|Publication number||US5395322 A|
|Application number||US 07/774,732|
|Publication date||Mar 7, 1995|
|Filing date||Oct 9, 1991|
|Priority date||Mar 16, 1990|
|Publication number||07774732, 774732, US 5395322 A, US 5395322A, US-A-5395322, US5395322 A, US5395322A|
|Inventors||Ramon Moser, Gustavo Moser|
|Original Assignee||Moser; Ramon, Moser; Gustavo|
|Export Citation||BiBTeX, EndNote, RefMan|
|Patent Citations (22), Non-Patent Citations (2), Referenced by (19), Classifications (12), Legal Events (5)|
|External Links: USPTO, USPTO Assignment, Espacenet|
This is a continuation of copending application Ser. No. 07/494,962 filed on Mar. 16, 1990.
The invention relates to a baby-feeding nipple and conduit system and, more particularly, to a stretchable nipple and conduit system by which a container that supplies liquid to the conduit and nipple for a baby does not have to be in close, elevated proximity to the baby's mouth.
Known baby-feeding nipple systems have a baby-feeding nipple, a container for a liquid to be fed to the baby, and an arrangement for connecting the nipple directly to the container. Such systems have several disadvantages. The container has to be held right in front of the baby's face in order for the nipple to reach the baby's mouth, which promotes continuous feeding of the baby, instead of intermittent, continual feeding that is at least sometimes preferable. The container also has to be kept at an angle above the baby's mouth, which promotes awkward positions for the baby or system, so that the nipple continuously receives liquid to prevent feeding the baby air bubbles from the container, which is undesirable. In order to hold the container at the baby's face at the elevated angle, continual physical participation by the baby's attendant is made necessary at least by the baby's movement, which is undesirable. Finally, in most instances, the liquid to be fed to the baby has to be transferred from its source to the container that receives the baby-feeding nipple, which can be inconvenient, particularly in public.
An object of the invention is, therefore, to provide a baby-feeding nipple and conduit system that relieves the disadvantages of the known systems.
To this and other ends, the baby-feeding system of the invention has structure for feeding a liquid to a baby, through a tip end of a nipple and a radially closed conduit having one end for receiving a liquid to be fed to the baby and an opposite end connected to an opposite or base end of the nipple. The conduit may be integral with the nipple or connected to the base end of the nipple in a known way, or by a sliding seal.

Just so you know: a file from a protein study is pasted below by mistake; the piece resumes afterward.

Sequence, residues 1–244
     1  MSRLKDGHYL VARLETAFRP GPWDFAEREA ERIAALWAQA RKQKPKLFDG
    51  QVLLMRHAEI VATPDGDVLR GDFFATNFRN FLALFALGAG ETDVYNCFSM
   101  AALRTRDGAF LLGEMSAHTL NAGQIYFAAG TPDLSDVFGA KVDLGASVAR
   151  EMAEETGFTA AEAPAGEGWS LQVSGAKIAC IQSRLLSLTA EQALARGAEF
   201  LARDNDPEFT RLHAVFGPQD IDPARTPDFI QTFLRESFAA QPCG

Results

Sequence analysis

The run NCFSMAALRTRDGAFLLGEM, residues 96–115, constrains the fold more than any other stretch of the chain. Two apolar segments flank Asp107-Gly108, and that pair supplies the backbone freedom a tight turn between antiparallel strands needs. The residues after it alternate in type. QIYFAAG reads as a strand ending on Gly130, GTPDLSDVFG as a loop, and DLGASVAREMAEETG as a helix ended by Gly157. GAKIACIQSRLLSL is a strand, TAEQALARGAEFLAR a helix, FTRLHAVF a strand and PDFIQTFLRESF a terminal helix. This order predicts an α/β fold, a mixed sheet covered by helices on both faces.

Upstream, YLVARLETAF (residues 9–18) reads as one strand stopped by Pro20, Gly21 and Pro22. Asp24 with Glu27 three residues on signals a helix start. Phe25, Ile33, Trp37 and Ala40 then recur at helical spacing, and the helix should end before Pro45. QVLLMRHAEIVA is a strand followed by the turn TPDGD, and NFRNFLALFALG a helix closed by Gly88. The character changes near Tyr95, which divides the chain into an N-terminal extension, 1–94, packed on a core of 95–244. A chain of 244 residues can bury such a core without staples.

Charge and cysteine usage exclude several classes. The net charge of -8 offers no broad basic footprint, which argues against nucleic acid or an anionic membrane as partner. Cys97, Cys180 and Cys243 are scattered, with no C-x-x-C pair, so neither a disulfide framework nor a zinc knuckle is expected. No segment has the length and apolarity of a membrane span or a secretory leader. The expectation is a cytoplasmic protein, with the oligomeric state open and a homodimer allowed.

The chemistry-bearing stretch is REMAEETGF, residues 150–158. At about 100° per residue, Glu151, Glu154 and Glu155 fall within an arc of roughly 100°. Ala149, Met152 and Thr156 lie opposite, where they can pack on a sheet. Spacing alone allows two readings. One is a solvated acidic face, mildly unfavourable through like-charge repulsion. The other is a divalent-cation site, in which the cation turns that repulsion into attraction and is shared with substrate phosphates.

Preferably, the base end of the nipple has structure that is diametrically stretchable for effecting a sliding seal about a conduit that is diametrically rigid relative to the diametric stretchability of the connection structure. (The foregoing definition of the diametric rigidity of the conduit is intended herethroughout.) The conduit should have a longitudinally smooth external surface for the sliding seal with the diametrically stretchable base end of the nipple.
Preferably, too, the conduit is elongated, so that one end can be immersed in a liquid in a container that is remote from a baby's mouth. The elongated conduit is preferably transversely flexible to accommodate varying orientations between the baby's mouth and the container for the liquid to be fed to the baby through the conduit and nipple including, therefore, having the container below the nipple and baby's mouth. Although conduit materials that are both diametrically rigid and transversely flexible are contemplated, it is also possible for only the opposite end of the conduit to be diametrically rigid for facilitating the flexibility of the remaining portion of the conduit that extends to the liquid.
A further preferred embodiment has a base member of flange that has a larger diameter than the nipple about the base end of the nipple for preventing the nipple from entering too far into the baby's mouth. The base member may also limit, reinforce, and shape the diametric stretchability of the opposite end of the nipple about the conduit. Particularly in conjunction with the base member, therefore, the diametric stretchability of the opposite end of the nipple contemplates only variation in the internal diameter of the opposite end of the nipple, whether by actual stretching of the nipple material, radial compression of the nipple material, longitudinal displacement of the nipple material away from the base member, or any combination thereof.